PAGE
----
by Rainer Hoenicke
One of the public workshop topics by the Master Gardeners of Napa County's teaching garden, the Las Flores Learning Garden, explored the use of greywater for irrigation. The definitions of greywater differ from state to state. In California, water from washing machines/tubs, showers, baths, and bathroom sinks meets that definition. Water from kitchen sinks is not considered greywater in our state, although other states allow its use for irrigation. Any water having contact with feces is considered “blackwater” and needs to go to the sanitary sewer. However, you can flush your toilet with greywater. San Francisco, for example, has an ordinance in place now that requires use of harvested rain or greywater for flushing toilets and urinals in new development projects.
According to the United States Geological Survey, the average Californian uses between 80 and 100 gallons of water every day, as much as 60 percent of which can be used for outdoor irrigation.
Here are a few more fun facts about greywater:
- 13% of CA households use greywater from washing machines for irrigation
- An average household has about 90 gallons per day available for outside use – not counting the kitchen sink
- A homeowner on a quarter of acre of land could irrigate about half a climate-appropriate yard with greywater
- Plants irrigated with greywater in residential areas did fine. With only a slight increase in Boron, no salts accumulate in either the plants or the surrounding soil
Reusing greywater makes ecological sense. Treating water to drinking water standards and distributing it, takes a lot of energy and cost. In California, about 8% of the total energy generated is used for moving, distributing, and treating water. If we reuse greywater, our total water use goes down, and we can contribute to our net-zero carbon emission goal by 2030.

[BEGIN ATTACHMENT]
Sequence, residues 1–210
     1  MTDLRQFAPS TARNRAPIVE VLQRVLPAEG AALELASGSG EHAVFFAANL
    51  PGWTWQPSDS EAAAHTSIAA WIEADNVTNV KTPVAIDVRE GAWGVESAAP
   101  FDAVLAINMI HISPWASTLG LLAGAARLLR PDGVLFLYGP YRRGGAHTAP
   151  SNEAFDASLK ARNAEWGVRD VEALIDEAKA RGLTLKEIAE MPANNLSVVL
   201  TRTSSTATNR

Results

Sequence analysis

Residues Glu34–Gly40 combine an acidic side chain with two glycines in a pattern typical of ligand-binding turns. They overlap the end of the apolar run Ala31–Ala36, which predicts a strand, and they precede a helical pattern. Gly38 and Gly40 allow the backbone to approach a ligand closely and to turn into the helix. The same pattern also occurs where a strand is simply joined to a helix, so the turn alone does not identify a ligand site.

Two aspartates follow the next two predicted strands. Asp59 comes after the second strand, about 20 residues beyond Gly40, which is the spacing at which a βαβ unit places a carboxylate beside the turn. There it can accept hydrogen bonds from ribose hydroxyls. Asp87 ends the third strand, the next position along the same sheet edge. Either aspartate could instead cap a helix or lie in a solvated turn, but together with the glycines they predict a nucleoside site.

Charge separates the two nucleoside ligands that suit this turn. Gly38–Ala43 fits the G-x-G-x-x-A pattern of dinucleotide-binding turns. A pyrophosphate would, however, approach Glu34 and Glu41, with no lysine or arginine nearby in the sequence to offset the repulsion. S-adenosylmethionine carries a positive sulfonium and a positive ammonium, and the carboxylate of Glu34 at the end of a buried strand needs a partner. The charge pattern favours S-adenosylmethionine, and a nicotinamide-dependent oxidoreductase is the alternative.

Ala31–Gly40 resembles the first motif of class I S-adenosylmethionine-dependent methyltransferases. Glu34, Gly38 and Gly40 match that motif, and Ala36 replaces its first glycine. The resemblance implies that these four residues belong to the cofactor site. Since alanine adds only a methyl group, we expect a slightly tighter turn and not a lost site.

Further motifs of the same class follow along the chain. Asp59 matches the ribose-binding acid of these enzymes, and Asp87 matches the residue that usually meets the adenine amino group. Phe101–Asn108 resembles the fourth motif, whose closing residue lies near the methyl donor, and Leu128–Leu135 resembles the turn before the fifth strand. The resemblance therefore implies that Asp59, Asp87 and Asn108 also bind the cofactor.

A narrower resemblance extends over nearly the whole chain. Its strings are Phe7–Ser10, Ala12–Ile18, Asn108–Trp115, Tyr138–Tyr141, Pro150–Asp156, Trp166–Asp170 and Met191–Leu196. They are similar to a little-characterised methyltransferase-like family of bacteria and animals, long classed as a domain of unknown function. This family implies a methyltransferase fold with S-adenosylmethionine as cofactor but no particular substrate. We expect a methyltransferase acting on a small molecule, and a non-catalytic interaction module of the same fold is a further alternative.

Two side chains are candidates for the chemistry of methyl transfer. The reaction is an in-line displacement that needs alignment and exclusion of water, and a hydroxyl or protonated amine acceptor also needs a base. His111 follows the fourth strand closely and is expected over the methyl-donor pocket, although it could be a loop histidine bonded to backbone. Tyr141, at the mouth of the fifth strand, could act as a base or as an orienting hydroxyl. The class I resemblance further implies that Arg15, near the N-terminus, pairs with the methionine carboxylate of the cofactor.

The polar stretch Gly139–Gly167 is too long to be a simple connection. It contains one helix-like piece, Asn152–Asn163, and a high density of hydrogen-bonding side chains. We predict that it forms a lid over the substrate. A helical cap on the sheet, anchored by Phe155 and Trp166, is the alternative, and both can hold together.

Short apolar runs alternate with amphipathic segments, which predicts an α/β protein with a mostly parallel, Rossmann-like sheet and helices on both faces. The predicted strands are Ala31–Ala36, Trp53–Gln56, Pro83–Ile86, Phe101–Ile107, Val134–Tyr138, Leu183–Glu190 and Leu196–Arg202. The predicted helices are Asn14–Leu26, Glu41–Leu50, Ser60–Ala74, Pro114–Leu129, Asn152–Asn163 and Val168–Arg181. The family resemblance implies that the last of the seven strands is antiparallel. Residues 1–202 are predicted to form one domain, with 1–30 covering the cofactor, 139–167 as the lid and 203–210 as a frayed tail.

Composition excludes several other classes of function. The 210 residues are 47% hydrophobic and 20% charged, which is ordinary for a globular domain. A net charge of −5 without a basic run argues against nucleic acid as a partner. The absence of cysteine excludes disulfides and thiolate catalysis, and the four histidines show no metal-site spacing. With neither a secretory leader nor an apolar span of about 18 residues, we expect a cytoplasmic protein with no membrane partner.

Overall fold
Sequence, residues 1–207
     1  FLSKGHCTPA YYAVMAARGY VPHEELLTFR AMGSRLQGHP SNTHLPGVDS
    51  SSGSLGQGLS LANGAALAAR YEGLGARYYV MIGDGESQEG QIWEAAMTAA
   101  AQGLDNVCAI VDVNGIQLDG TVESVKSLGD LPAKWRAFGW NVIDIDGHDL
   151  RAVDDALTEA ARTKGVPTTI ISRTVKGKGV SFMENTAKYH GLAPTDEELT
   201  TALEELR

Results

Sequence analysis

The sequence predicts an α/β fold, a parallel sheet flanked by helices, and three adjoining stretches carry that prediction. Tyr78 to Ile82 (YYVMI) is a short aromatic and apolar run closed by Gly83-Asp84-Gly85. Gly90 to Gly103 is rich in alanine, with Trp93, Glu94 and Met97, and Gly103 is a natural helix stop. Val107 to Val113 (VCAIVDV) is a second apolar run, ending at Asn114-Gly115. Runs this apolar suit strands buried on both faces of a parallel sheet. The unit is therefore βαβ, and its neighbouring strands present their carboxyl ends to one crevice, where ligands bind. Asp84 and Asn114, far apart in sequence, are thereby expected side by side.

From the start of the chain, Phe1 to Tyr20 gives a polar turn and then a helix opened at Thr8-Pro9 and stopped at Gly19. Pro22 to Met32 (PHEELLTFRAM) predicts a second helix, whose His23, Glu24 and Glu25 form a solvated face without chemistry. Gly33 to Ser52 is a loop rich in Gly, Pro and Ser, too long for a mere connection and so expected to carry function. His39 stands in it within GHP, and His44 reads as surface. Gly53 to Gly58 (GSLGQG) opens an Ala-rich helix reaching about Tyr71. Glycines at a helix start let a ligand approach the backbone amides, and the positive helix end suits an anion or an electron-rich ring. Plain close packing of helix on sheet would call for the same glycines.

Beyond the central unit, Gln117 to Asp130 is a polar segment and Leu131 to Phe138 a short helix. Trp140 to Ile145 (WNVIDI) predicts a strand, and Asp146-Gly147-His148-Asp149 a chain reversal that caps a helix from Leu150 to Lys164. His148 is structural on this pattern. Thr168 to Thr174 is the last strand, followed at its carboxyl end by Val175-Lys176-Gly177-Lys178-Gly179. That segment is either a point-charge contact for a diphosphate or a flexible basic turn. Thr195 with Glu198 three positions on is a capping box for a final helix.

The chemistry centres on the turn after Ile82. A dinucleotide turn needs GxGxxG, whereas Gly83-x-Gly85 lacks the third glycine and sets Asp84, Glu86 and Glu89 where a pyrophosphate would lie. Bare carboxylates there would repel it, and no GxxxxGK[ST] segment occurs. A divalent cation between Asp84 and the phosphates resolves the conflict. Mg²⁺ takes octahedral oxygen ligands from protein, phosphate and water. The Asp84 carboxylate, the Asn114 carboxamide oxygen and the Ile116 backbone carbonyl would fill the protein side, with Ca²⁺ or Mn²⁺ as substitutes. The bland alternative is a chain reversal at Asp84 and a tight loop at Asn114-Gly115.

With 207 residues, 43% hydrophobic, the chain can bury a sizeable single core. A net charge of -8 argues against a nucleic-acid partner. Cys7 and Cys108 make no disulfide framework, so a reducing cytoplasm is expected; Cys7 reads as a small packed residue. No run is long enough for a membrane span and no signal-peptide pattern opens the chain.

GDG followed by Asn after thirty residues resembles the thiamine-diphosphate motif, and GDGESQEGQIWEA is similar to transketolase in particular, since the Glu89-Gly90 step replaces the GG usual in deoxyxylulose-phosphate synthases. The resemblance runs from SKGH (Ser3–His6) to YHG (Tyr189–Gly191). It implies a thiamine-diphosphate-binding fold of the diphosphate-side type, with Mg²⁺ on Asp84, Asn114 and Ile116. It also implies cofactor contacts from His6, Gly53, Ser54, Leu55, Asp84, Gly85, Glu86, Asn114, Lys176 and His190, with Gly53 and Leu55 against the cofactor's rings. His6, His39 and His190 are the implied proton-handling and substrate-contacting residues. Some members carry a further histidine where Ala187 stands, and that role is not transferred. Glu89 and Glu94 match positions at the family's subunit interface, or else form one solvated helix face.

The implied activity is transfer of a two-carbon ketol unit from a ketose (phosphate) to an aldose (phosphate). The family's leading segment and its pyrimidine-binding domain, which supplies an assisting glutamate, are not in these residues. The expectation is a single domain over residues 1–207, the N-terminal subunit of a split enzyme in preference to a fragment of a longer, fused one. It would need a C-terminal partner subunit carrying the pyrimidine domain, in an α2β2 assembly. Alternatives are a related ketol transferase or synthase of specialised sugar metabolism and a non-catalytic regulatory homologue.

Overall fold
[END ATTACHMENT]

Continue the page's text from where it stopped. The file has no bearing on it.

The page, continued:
What do you need to know before you irrigate with greywater? First, you need a sub-surface distribution system to irrigate, since soil microorganisms are able to purify many of the impurities in greywater, such as soap residues. You also need to consider your climate and microclimate to determine how much water you need to irrigate. Other things you need to ask yourself are where you want to use greywater, what your lot characteristics are, such as slope, distance from origin to discharge, your soil types and percolation rate, if you want to use greywater in edible or strictly ornamental landscapes, how deep or shallow your groundwater table is, and how far your greywater irrigation system is from any active well. Additional questions you need to find answers to are: What are your city's or Napa County's regulations for greywater systems? Is it cheaper to find water use efficiencies than to install even the simplest re-use system? How cumbersome is a re-use system to maintain?
Napa Master Gardeners are available to answer garden questions by email: firstname.lastname@example.org. or phone at 707-253-4143. Volunteers will get back to you after they research answers to your questions.
Visit our website: napamg.ucanr.edu to find answers to all of your horticultural questions.
Photo credits: CleanWaterComponents
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